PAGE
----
Several emerging concepts can shed some light on these issues. Inflammation - the prolonged state of immune activation resulting from the ongoing immune system of battle with the virus - appears to be a key factor of metabolic disorders and cardiovascular diseases (my pulmonary embolism has been triggered by these triggers). The research also revealed that the digestive tract may play a much larger role in the progression of HIV disease than previously done and in fact may be one of the strongest sources of immune activation.
early infection and intestines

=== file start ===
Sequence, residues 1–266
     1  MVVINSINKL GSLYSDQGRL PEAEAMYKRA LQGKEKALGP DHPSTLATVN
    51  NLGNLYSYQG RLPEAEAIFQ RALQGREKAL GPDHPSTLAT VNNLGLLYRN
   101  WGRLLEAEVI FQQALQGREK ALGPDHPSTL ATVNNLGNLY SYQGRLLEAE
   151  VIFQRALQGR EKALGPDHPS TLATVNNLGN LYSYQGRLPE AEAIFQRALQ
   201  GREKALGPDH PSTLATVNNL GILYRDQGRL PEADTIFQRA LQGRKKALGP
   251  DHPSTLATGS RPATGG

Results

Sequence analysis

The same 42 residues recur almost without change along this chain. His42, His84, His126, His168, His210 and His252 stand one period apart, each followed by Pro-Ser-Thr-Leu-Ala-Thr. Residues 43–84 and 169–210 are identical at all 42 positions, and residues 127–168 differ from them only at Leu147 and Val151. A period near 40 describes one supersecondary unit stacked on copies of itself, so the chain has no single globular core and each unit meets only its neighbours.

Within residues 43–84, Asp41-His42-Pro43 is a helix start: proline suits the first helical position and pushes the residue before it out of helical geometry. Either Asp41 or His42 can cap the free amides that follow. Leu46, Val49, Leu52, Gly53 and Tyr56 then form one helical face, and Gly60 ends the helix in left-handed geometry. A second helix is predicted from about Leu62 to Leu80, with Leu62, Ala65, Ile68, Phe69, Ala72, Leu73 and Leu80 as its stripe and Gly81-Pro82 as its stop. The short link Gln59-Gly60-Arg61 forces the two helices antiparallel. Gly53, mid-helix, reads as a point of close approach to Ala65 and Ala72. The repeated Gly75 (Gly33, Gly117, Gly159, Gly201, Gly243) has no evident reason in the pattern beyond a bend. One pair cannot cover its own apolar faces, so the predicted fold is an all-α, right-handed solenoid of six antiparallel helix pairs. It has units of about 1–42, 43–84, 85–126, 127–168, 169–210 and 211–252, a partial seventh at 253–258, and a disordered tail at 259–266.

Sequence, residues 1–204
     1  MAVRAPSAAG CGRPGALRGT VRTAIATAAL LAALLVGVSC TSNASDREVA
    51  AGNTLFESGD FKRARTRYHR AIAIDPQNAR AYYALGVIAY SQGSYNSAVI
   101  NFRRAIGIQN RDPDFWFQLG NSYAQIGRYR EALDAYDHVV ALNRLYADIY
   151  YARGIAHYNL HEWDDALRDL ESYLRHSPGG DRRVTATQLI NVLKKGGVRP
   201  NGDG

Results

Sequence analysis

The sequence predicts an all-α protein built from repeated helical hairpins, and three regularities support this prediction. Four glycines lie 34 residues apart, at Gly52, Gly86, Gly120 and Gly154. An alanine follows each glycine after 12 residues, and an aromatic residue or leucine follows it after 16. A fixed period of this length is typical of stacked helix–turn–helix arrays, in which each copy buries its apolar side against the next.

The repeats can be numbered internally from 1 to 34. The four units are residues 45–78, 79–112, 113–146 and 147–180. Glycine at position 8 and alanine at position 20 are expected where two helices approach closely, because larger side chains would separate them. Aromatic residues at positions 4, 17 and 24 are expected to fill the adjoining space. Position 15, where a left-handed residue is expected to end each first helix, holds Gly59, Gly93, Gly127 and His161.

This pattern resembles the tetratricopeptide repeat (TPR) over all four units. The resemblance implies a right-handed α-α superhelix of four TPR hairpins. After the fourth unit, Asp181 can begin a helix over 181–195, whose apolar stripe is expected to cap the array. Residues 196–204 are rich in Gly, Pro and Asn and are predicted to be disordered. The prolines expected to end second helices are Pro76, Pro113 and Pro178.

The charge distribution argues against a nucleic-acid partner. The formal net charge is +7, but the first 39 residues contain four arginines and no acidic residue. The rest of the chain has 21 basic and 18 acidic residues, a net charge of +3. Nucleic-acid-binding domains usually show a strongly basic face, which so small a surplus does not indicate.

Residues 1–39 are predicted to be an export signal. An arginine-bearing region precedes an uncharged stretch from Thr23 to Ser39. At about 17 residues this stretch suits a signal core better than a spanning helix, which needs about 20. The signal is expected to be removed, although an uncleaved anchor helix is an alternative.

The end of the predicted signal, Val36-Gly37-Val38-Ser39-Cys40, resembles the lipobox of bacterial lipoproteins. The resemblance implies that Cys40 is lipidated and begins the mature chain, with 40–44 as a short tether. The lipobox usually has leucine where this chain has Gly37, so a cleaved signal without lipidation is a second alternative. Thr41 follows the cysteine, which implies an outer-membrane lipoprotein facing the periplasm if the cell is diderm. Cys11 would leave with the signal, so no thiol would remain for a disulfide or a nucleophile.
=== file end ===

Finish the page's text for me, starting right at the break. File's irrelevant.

The course of HIV infection largely follows as a characteristic pattern for most people. During the first few weeks - acute infection - the immune system has not yet learned to respond to the new intruder. HIV levels are elevated throughout the body and the number of CD4 cells in the blood plasma becomes markedly droplets. Tests now suggest that by looking only at CD4 cells in the blood, which may have underestimated the overall measure of this early decline. Only a small fraction (2%) of the body CD4 cells are effectively found in circulating blood. Most live on lymph nodes (these include the 'glands' you can sometimes feel in the neck and inguinal region when you have an infection), in the intestines associated with lymphoid tissue (GALT Note to Translator, GALT is an acronym in English for the text marked in red above, which in English is defined as: Gut-associated lymphoid tissue ) where they are present as clumps of immune cell lining throughout the intestines in mucous membranes of other organs exposed to foreign substances such as lungs and genitalia. The researchers observed a massive loss of CD4 memory cells in this bowel tissue rapidly after infection. (Note: If I left here only the text with memory cells this would not be understood in its dramatic importance and the severe loss that this represents for us people living with HIV or AIDS. I searched the net and found on Wikipedia the following definition: